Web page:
Up until now, my answer to the question 'Do you know what people are doing on your interactive pages' was 'No' or, in the case I didn't forget to include the Google Analytics code, 'Yes, but I only know page views and average time people spent on the page'. Not good practice, I know. So part of my professional New Years resolutions is better measuring what users do with the tools and interactives I build.
Most sites already use Google Analytics to gather statistics on who is visiting what pages and where they came from. By adding just little bits of code to your interactive, you can very easily also monitor what buttons are clicked, where people are navigating to and what they entered in search fields for example, even when the user stays on the same page and the url of the page isn't changed.
As the GA Events docs specify, all you have to do is add the following snippet to your code:
ga('send', 'event', [eventCategory], [eventAction], [eventLabel])
In the wild
Let's explain this with a real life example. I recently made 2015 in 365 images, an overview of the past year, with one image for every day of the year. It is the first application I set event tracking up for.
In the application, users can view large versions of the images in a slider by
- clicking a thumbnail of a specific day or by selecting a date from the datepicker
- arriving on the page via a shared link containing the datestamp of a specific image (example)
- navigating through the collection in the slider by swiping or navigating left or right
So I wanted to know
- how many pictures people viewed in the slider
- which pictures people viewed the most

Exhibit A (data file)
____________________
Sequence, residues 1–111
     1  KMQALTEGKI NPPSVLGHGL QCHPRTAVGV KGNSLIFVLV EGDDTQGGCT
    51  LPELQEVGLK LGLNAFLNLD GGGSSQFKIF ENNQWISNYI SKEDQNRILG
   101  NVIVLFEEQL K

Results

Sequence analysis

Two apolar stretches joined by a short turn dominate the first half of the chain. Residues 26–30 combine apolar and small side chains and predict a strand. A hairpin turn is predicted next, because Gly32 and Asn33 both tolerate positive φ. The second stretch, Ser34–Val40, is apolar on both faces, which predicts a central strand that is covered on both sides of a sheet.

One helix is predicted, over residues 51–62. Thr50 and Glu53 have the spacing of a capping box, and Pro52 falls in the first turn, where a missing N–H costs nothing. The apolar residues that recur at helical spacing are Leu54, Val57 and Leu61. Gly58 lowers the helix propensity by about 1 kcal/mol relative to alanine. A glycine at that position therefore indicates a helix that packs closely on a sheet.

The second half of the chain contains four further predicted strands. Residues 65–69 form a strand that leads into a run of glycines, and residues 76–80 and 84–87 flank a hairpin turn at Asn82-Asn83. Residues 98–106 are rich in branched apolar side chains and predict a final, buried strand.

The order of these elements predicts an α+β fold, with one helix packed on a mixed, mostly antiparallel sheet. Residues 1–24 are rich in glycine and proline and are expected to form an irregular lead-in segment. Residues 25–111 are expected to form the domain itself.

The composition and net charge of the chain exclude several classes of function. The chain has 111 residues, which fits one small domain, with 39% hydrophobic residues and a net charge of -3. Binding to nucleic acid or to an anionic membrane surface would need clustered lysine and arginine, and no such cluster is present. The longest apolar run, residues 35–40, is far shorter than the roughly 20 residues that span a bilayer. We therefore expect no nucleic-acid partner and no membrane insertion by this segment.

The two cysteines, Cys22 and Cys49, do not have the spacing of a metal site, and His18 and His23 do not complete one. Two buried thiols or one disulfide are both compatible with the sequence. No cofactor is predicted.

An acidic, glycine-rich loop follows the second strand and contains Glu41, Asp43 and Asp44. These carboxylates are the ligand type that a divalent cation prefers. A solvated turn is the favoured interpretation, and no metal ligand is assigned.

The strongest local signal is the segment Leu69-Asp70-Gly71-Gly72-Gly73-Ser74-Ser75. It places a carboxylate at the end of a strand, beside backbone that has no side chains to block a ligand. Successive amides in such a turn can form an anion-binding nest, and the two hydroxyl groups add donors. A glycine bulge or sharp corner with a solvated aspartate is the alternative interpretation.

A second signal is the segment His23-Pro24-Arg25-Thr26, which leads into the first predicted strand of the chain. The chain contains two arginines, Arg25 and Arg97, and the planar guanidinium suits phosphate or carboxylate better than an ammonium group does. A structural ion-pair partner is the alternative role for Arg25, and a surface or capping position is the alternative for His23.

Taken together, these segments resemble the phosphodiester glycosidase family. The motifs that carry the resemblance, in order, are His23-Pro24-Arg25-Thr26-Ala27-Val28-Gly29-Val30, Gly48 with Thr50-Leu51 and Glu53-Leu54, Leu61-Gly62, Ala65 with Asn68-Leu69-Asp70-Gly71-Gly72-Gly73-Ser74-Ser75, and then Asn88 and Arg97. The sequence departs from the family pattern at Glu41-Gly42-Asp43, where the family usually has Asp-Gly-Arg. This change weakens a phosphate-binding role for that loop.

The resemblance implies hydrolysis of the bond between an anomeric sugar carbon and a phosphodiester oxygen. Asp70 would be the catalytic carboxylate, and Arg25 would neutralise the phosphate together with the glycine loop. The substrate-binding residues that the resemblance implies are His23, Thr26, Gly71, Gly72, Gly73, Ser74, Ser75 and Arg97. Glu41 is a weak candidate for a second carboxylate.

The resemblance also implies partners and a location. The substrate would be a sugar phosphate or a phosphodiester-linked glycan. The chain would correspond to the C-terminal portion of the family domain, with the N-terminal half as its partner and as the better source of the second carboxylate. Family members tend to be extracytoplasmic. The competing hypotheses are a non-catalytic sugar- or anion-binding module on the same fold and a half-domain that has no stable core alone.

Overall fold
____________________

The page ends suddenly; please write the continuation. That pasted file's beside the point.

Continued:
- how they arrived at viewing the pictures
Firstly, I set the [eventCategory] to '365'.
ga('send', 'event', '365', [eventAction], [eventLabel])
The event category is just a name to seperate the events you want to track from other events that might be configured on your site. When you're tracking, you can find all the events of a category under Behaviour > Events in Google Analytics.
For [eventAction], I choose to track the datestamp of the picture that was being viewed in the slider (something like 'pic20150413'). So every time a picture was viewed in the slider (after clicking a thumbnail, after arriving at the page with a datestamped url or by navigating left or right in the slider), a variable was set to the id of the picture and this variable was passed into the tracking code:
ga('send', 'event', '365', picID, [eventLabel])
Finally, the event label is just an extra dimension of the events you can track. I set it to 'inslider', 'clicked' or 'direct', depending on how the user ended up viewing the picture (so I put this snippet in 3 different places in my code):
ga('send', 'event', '365', picID, 'inslider')
As I understand it well, I could have switched the event actions and labels: they are just dimensions to slice your tracking data.
It turned out people liked navigating the slider a lot: 97 percent of picture views were generated by navigating left or right in the slider.
People kept on navigating for quite some time: average number of photos viewed per pageview was 43 and average time on site was a whopping 25 minutes.
The most clicked image by far (18 %) was the one from January 1st. So a lot of people just went in from the start. Other higher than average clicked images are fearful (3rd of February), spectacular (4th of February) or funny (2nd of July)
As a lot of people started navigating the collection in the slider from the first images, the top 20 most viewed pictures in the slider were all from January. The first picture not from January or February is only ranked number 50.
A little over 1000 images were viewed by arriving on the page with a datestamped url (only 0,29 % of the almost 400.000 images viewed)
So if I would decide to remake the same application next year, I might
- optimize swiping through the collection in the slider (not that smooth at the moment), as this is by for the most used interaction.
- come up with a way to arrange the pictures a little differently, so that pictures from later in the year are more likely to be clicked.
- maybe leave behind the feature of having datestamped url's for every picture, as it is an underused feature. Or come up with some ways to make people use this feature more.
So, what are you going to track?